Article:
Before you ask I wasn't at Tatton Park trying to flog my harp....
My little stint on BBC Flog It which I did in May has finally aired on TV.
I played for 20 minutes in total, and 20 seconds was aired!
I love the unsubtle edit the BBC has done and must remember to do that next time I play the Dussek Sonata.
The highlight of August for me, was playing my tiny lever harp at a family wedding on the wonderful Isle of Iona - part of the Inner Hebrides.
Getting there was quite a journey! Long drive to Oban, than a ferry to the Isle of Mull. There are no visitors cars allowed on Iona, so you have to leave your car on Mull, and carry your luggage onto a smaller ferry over to Iona - hence the lever harp, and handy rucksack case for my Camac!
The wedding was in the historic Abbey on the island....
which you can also just make out in the picture below from the boat. (The only large structure on the centre right of the picture). Total population of Iona is 130 - info here
We made a family holiday out of the week, and had a lovely break on Mull and Iona. A truly wonderful place and we will certainly be going back there. The weather was fantastic, the air was pure and because there are no street lights, the most amazing night sky.
It's an hour by boat from Iona to the Isle of Staffa, and of course Fingal's Cave. It was worth the effort to see why Mendlessohn was so taken with it - it's an incredible place.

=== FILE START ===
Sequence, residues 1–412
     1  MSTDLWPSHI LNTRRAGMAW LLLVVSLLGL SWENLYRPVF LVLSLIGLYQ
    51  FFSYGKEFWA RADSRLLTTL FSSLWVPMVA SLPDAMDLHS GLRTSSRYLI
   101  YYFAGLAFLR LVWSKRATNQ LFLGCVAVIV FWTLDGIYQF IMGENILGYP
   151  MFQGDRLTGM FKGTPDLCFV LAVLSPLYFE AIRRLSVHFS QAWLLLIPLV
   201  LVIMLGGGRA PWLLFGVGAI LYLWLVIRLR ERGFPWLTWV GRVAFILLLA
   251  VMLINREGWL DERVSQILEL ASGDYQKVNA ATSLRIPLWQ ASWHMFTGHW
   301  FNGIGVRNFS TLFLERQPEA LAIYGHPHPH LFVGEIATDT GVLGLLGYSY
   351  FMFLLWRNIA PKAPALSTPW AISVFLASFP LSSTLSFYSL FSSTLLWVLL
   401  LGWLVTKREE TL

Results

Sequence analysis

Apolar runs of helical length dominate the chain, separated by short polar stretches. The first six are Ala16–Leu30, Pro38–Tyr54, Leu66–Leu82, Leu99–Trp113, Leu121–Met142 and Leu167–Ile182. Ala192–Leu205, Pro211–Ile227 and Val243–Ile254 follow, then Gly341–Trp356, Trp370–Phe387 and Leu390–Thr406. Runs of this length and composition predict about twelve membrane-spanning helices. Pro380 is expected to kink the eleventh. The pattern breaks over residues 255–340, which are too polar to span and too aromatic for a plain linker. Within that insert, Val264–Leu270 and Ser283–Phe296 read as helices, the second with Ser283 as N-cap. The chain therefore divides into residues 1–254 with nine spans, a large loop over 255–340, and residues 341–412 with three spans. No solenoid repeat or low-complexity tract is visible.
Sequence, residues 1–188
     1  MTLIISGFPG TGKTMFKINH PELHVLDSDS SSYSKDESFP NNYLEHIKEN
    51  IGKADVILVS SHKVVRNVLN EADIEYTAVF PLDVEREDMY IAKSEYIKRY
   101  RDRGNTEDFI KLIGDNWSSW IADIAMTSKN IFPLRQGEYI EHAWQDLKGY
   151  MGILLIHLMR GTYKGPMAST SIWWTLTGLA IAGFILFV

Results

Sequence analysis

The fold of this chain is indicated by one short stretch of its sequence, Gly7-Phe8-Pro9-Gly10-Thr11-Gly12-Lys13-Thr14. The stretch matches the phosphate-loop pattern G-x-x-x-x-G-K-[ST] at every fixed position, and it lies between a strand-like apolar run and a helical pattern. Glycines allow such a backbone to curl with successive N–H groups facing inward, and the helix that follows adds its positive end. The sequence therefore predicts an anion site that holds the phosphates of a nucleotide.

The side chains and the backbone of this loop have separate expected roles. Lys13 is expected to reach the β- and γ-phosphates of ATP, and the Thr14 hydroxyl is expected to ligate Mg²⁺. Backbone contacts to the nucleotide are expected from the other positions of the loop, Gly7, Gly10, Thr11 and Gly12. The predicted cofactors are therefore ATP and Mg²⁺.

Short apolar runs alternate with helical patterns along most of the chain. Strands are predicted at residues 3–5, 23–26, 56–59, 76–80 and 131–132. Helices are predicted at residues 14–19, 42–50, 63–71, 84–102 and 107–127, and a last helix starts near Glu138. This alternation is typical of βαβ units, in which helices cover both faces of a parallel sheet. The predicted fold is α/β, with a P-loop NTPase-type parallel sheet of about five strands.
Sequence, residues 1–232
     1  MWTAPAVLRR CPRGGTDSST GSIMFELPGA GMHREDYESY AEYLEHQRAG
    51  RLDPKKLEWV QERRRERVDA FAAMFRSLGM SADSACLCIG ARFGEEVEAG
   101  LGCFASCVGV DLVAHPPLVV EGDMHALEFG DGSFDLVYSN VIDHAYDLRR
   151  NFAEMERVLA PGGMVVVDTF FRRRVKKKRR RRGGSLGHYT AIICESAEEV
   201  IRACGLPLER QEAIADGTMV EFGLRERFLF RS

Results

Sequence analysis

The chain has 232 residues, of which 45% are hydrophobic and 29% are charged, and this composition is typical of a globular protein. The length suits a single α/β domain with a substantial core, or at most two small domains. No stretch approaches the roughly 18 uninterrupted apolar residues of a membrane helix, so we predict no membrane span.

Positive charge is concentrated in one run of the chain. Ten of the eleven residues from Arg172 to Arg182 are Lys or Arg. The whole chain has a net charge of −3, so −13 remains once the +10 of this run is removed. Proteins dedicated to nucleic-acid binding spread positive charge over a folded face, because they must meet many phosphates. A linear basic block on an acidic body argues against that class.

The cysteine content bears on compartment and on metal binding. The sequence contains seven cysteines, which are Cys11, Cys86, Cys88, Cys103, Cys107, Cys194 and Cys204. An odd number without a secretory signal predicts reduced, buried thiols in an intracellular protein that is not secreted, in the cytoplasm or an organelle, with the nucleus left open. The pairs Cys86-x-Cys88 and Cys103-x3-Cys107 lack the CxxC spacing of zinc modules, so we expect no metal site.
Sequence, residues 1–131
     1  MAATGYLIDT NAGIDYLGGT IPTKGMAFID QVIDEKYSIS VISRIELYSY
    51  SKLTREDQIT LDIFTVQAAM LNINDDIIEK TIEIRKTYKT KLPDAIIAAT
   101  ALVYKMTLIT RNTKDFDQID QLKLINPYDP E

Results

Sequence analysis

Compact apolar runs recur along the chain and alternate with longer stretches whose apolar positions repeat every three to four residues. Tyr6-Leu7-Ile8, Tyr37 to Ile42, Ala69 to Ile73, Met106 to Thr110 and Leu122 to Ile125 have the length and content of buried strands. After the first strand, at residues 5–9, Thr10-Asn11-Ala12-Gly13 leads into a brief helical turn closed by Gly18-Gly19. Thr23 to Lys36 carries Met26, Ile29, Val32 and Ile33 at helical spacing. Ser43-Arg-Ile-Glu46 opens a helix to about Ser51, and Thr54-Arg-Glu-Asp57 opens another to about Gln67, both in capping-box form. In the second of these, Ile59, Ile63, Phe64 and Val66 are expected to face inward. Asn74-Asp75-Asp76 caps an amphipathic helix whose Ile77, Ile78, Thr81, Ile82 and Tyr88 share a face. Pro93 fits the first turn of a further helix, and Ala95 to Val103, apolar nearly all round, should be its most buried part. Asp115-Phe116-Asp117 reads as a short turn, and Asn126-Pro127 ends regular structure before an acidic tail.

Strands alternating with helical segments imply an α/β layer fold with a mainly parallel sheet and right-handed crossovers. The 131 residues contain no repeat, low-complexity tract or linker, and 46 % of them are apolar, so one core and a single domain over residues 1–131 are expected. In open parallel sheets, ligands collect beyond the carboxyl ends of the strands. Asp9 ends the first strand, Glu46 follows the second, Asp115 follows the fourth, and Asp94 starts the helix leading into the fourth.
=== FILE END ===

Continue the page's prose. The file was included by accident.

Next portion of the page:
photo inside Fingal's cave - which was a bit of a slightly daunting trek across the basalt rocks!
as you have never heard it before!!!
On googling Mario Lorenzi I came across this astonishing bit of footage (1:48) from 1947 of his playing of Tchaikovsky's Waltz of the Flowers. He makes the chromatic sections sound complete effortless!
It's a British Pathe film and the sound doesn't always sync with the recording, the close up of pedal work is quite funny considering the speed his feet must have been going at. However the sound recording is very good.
All that sound from an Erard.
Mario Lorenzi (1894–1967)
Well, I'm a bit of a harp nerd, and it's the quirky more unusual side of harping that usually catches my eye and ear!
Now in it's 6th year, this blog has recently moved from it's original home
on blogspot and the archive is currently being transferred to here.